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4 posts tagged with civilrights by kirkaracha.
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The Man Who Didn’t Shoot Malcolm X

The Man Who Didn’t Shoot Malcolm X. Khalil Islam, formerly known as Thomas 15X Johnson, was convicted of assassinating Malcolm X and served 22 years in prison. One of the co-defendants later swore Khalil Islam was innocent. "The fact was, I was just the patsy. The perfect patsy." [more inside]
posted by kirkaracha on Oct 3, 2007 - 12 comments

“Oh, my God, they’re going to burn us up!”

Portraits of the Freedom Riders Eric Etheridge has been taking pictures of people who participated in the Freedom Rides (map) to accompany the people's 1961 mug shots. Some of the photos were in the July 2 issue of the New York Times Magazine, and there are more photos at his web site. Also, an excerpt from a recent book about the rides. [via]
posted by kirkaracha on Jul 7, 2006 - 5 comments

"That's his hazel eye," Mrs. Till said. "Where is the other one?"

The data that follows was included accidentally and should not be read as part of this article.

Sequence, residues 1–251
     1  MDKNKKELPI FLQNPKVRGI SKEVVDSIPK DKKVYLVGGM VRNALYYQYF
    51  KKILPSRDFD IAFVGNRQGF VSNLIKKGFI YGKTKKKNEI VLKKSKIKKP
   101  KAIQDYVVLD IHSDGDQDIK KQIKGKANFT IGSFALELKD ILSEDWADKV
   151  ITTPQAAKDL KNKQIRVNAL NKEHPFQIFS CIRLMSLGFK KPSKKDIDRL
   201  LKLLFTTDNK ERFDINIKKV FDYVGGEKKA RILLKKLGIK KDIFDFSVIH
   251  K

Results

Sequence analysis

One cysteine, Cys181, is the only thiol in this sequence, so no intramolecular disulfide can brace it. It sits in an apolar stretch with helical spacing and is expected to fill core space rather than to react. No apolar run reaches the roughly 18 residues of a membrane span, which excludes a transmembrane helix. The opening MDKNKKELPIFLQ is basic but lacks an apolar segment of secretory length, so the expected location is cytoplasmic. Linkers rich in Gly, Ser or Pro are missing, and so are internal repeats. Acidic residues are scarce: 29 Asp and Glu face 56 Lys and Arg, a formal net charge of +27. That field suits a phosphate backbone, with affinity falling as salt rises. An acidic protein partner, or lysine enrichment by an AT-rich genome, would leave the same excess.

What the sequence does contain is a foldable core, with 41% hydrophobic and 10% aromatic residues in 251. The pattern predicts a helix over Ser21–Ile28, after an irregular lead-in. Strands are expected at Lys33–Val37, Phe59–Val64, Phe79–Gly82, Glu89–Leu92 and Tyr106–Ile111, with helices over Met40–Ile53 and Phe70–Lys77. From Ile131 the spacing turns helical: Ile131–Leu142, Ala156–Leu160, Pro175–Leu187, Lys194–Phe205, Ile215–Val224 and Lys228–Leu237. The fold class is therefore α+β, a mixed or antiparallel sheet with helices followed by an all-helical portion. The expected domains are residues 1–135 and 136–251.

That big .45 jumped in Big Milam's hand. The youth turned to catch that big, expanding bullet at his right ear. He dropped. In Money, Mississippi on August 24, 1955, J.W. Milam and Roy Bryant abducted 14-year-old Emmet "Bobo" Till, tortured him, shot him in the head, and dumped his body in the river for whistling at a white woman. Emmett's mother insisted on an open-casket funeral so people could see what had happened to her son. On September 15, 1955, Jet magazine published photos [NSFW] of Emmett's corpse, which brought the case national attention and helped ignite the civil rights movement. On September 23, 1955, an all-white jury acquitted Bryant and Milam after deliberating for about an hour. Milam and Bryant confessed in a January 24 , 1966, Look magazine article. Milam died in 1980 and Bryant died in 1990. After reopening the case in 2004 based on new evidence that more people may have been involved, the Justice Department closed the case today without filing any new charges. [more inside]
posted by kirkaracha on Mar 17, 2006 - 19 comments

Unseen. Unforgotten.

Unseen. Unforgotten. The Birmingham News recently discovered previously-unpublished photos of the civil rights movement in Birmingham, Alabama, during the late 1950s and early 1960s. The site includes audio interviews with some of the photographers and a PDF of how the photos appeared in the newspaper.
posted by kirkaracha on Feb 27, 2006 - 13 comments

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